Subject: RE: [agile-usability] Re: Craftmanship doesn't scale... hence usability?
I mostly agree.
Developpers can't catch ALL usability issues because they know the interface
too well. So you still need to test with real users (that's point (1)). But
in my experience, developpers CAN intercept MANY important usability issues,
especially if, as you propose in (2), they do more than "play around" with
the system and try to carry out realistic tasks (which could be crafted by a
The point I was trying to make is that I believe there is a lot of value in
having the development team as a whole be actively involed in usability
design and testing. It educates the whole team about usability issues. After
a while, I bet you would find developpers:
(a) Truly valuing usability (now wouldn't THAT be nice).
(b) Independantly finding usability issues that were missed by testing with
real users (after all, testing can only find issues that show up in the
specific scenarios that were tried)
(c) Independantly making good design decisions for minor things (as a
usability expert, wouldn't you prefer to spend more of your time on the big
picture instead of whether a list should be a pick list or a series of radio
(d) Turning to usability experts for advice on the more difficult issues.
This may sound threatening to usability experts but it's not. Basically it
means that their role would move from being the Usability Police to being a
Usability Coach and Partner.
This is exactly what has happened with unit testing and design in XP.
Instead of having a separate Architecture Police or Quality Police, everyone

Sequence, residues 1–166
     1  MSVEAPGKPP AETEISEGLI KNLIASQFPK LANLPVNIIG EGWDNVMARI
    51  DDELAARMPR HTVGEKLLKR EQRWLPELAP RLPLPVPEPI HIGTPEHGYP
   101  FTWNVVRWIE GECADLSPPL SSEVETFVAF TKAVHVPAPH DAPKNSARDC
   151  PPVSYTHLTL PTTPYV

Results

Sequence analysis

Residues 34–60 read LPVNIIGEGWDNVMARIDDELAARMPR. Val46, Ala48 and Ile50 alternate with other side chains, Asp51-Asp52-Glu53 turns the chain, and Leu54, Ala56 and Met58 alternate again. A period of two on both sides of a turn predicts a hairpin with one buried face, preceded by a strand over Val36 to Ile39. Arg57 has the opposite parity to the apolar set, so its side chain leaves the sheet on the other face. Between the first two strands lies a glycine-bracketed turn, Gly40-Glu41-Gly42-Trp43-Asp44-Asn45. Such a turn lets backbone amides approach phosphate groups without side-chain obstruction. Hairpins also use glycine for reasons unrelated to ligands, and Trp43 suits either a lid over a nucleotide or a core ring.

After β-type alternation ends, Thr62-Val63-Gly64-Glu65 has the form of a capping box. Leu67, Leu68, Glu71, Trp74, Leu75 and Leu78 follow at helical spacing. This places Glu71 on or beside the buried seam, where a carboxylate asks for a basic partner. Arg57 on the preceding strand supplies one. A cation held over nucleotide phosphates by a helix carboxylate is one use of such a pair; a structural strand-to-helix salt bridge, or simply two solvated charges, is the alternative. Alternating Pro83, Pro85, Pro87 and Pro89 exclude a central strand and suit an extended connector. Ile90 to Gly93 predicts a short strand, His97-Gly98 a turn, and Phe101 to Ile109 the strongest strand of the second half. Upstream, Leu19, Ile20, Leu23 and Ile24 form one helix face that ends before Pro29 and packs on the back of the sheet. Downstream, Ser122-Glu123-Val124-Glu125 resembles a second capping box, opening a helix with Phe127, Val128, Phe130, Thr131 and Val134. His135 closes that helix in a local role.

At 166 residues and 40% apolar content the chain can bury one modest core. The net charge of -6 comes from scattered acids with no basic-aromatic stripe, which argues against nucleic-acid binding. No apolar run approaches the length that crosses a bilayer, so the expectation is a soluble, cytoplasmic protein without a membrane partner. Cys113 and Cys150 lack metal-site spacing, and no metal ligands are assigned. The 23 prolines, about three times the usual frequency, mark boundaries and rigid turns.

is actively involed in design (constant refactoring) and testing (unit
testing) and loving it. Typically though, you still need at least one person
on the team who is an expert designer and/or tester and acts as a "gardener"
and coach for Architecture and Quality. And those people are highly valued.
(1) Developers' inside-out knowledge of how the user interface was
constructed and how it functions handicaps them in actually experiencing the
(2) "Playing around with" is not using.
More payoff can be obtained if someone independent creates realistic and
challenging usage scenarios for the developers to carry out with
representative volume and complexity ("complete the following 28 new patient
admissions and correct the following 12 billing errors while intermittently
interrupting each other"). An application that can feel just fine when you
are freely exploring it without pressure and with no particular goal in mind
can turn out to be completely unacceptable under realistic and repetitive
This sort of trial use is less fun than a "celebration" but more useful in
gaining insight into user needs. Over time, developers who do this will find
their design and development practices gradually morph. For example, some
developers tend to see modal dialogs as the solution to every interaction
problem. Only when they experience them popping up in their faces at every
turn and having to launch-act-and-close 28 times in a row do they start
thinking about within-context alternatives.
--Larry Constantine, IDSA [mailto:lconstantine@...]
Constantine & Lockwood, Ltd.
58 Kathleen Circle | Rowley, MA 01969
tel: +1 978 948 5012 | fax: +1 978 948 5036 | www.foruse.com
> -----Original Message-----
> From: Desilets, Alain [mailto:alain.desilets@...]
> Sent: Thursday, 27 January 2005 11:45 AM
> To: 'email@example.com'
> Subject: RE: [agile-usability] Re: Craftmanship doesn't scale... hence
> I reviewed a workshop proposal for XP Agile 2004 (I forget who it was
> which was describing a process whereby at the end of each iteration,
> the whole team "celebrates" by spending half a day playing around with
> the system and eating their own dog food. That struck me as a really
> good way
> put developpers in the shoes of users so that they can take better
> design decisions. Something like this might just turn developpers into
> Unfortunately, the proposal for the workshop was turned down (I gave
> it thumbs up myself). I would have liked to attend it.
> Alain Désilets, MASc
> Agent de recherches/Research Officer
> Institut de technologie de l'information du CNRC /
> NRC Institute for Information Technology
> Tél/Tel (613) 990-2813
> Facsimile/télécopieur: (613) 952-7151